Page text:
The actual merging parts of both look quite similar in structure, although was yours written for python 2? I added brackets around the print statements in my local copy and it seems to work alright with python3 though, so hopefully no issues converting between python versions apart from that.

In the mean time I have also added a link to your preprocessor in the readme of mine to help people who might be looking.
 

pleiser

Senior Member
Sorry for the late reply, college finals have been keeping me busy!
Ok. Good to know that there are others out there and thanks for sharing it. I have to admit that I didn't go looking too hard for any previous / existing ones as I thought it would be a fun challenge to start from scratch :)
Yeah, same for me, I later found a C preprocessor (also linked in my readme) that would have probably done enough, but where's the fun in that?
When I get time, I might copy the chip selection and starting the compiler over to yours as selecting and starting the correct compiler is a separate step in mine that could be relatively easily added as long as the chip and port are specified or are found in the file. Sending to the compiler would be enabled / disabled with another option such as -u for upload if that is alright.
Sure! Feel free to free to add any additional options or features you want, I definitely appreciate any and all contributions!
The actual merging parts of both look quite similar in structure, although was yours written for python 2? I added brackets around the print statements in my local copy and it seems to work alright with python3 though, so hopefully no issues converting between python versions apart from that.
Yeah, at the time I wrote it I had more experience with python 2, I can go through and update it. (If you already made the changes successfully though, a pull request is welcome!)
In the mean time I have also added a link to your preprocessor in the readme of mine to help people who might be looking.
Hmm, are you sure you committed and pushed this change? I can't find it on your Github readme.
 
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J G

Member
Hmm, are you sure you committed and pushed this change? I can't find it on your Github readme.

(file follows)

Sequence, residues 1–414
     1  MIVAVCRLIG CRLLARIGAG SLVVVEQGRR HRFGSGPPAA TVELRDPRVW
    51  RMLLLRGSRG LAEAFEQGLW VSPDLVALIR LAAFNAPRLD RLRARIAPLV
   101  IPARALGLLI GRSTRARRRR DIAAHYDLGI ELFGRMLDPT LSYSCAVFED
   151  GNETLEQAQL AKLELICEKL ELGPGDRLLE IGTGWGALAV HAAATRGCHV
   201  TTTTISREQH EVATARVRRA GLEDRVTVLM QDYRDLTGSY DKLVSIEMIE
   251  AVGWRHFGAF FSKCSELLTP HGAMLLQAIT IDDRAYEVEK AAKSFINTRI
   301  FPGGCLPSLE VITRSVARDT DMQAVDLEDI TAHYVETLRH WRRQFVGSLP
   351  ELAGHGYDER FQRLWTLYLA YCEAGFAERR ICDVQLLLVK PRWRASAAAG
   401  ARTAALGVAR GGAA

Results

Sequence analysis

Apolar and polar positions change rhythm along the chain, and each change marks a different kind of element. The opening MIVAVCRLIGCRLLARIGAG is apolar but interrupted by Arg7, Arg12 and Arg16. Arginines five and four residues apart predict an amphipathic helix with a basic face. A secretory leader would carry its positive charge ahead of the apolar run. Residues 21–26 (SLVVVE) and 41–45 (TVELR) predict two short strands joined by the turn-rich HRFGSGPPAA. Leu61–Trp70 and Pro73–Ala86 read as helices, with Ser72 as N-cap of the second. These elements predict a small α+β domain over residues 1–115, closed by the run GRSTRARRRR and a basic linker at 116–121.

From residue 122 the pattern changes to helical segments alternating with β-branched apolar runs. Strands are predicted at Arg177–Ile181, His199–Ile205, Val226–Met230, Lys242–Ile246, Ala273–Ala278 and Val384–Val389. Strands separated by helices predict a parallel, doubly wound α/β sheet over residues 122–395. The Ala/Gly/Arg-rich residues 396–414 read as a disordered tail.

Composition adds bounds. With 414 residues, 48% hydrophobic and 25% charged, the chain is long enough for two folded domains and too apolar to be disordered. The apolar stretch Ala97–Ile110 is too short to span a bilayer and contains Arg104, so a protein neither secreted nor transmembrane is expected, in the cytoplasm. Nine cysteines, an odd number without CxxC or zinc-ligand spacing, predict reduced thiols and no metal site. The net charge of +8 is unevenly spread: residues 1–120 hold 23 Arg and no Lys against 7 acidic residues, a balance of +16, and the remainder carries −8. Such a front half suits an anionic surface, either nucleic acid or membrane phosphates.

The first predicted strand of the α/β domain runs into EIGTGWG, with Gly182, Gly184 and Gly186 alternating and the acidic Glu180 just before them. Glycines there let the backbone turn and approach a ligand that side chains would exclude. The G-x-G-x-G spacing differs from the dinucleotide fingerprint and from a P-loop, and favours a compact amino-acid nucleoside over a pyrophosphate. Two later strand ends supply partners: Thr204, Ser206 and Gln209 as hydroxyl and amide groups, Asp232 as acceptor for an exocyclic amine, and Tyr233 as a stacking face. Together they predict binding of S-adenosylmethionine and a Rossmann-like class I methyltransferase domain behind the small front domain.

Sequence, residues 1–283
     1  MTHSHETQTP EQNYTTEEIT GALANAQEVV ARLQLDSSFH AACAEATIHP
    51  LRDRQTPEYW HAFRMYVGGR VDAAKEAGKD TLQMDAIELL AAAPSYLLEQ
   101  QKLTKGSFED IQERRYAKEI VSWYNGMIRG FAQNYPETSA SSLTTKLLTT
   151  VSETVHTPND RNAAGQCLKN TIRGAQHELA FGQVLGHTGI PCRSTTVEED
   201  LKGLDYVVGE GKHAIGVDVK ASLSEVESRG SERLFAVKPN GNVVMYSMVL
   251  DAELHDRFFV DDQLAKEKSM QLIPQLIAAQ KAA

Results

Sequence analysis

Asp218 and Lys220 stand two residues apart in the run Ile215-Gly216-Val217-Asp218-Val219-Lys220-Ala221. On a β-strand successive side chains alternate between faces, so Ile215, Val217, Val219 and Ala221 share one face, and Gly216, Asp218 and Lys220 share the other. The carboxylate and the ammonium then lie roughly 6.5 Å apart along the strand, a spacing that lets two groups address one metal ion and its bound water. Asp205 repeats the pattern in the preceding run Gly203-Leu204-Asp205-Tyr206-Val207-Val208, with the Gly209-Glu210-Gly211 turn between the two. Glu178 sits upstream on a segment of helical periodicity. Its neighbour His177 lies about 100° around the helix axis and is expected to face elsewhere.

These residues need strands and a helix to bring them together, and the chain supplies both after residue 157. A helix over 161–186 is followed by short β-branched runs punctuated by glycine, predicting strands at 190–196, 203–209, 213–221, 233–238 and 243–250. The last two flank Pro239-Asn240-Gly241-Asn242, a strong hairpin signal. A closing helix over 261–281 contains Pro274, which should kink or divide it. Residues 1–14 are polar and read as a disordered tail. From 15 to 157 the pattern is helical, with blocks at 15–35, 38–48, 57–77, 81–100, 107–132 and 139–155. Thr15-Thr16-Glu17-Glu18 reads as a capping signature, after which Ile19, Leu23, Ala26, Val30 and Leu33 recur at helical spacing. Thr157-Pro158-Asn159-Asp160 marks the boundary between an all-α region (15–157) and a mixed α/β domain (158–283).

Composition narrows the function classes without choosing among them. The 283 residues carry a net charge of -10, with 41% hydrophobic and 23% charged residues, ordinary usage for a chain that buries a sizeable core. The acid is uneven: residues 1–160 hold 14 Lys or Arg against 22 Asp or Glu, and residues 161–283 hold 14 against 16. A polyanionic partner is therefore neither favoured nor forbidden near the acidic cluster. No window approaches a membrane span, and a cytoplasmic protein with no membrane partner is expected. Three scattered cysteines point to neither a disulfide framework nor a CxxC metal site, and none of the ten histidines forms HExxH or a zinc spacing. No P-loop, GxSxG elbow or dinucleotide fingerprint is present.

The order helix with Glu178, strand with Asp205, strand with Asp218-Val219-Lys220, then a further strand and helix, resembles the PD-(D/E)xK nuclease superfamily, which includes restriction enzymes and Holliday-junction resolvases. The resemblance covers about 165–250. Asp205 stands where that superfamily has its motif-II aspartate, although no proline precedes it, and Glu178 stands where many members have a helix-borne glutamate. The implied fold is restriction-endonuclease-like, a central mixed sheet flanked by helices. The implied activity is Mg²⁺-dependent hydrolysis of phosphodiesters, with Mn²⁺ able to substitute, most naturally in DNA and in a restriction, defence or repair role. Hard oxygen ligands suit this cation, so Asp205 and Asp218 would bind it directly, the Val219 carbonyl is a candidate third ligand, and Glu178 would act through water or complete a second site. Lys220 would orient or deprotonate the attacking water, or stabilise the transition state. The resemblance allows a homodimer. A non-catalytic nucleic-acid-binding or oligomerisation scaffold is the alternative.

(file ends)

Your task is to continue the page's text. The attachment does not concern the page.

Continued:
Thanks for that. First time using command line git to push directly to github, so must have entered an incorrect username or password or something :)

I have copied the various extra features from mine into your code and it seems to be mostly working, although I think I have broken some of the filepath handling, so I will fix that and then submit a pull request once I remember / work out how to.
 

J G

Member
I have submitted a pull request, so hopefully it works correctly and you get it.

Feel free to try and break it / test it as I have only tested it in situations I would commonly use it with or know about and with a limited set of files, so there may be issues that have not been found yet, especially with filepaths and working directories, but it seems ok for me.
 

J G

Member
Hello,
I have been playing around with getting #IF, #IFDEF, #IFNDEF, #ELSE, #ELSEIF, #ELSEIFDEF, #ELSEIFNDEF (I know this isn't in the manual, but it was easy to implement), #ENDIF and #UNDEF to work and have submitted a pull request. No pressure or rush to get it approved - it is a busy time of year :).

It might need a little bit of testing to make sure it isn't doing anything too stupid, but it appears to be behaving for me.

As an aside, while testing, I think I have come accross a few minor inconsistencies in the way PE6 handles some preprocessor directives, with #UNDEF not seeming to be implemented even though it is in the manual and some #IFs being partially evaluated inside block comments made using the #REM and #ENDREM directives. Has anyone else had the same experience? I am not too sure what version I am running though and it is not big issue for me as I rarely use undefines with any preprocessor, but interesting to note.

Have a safe and happy new year.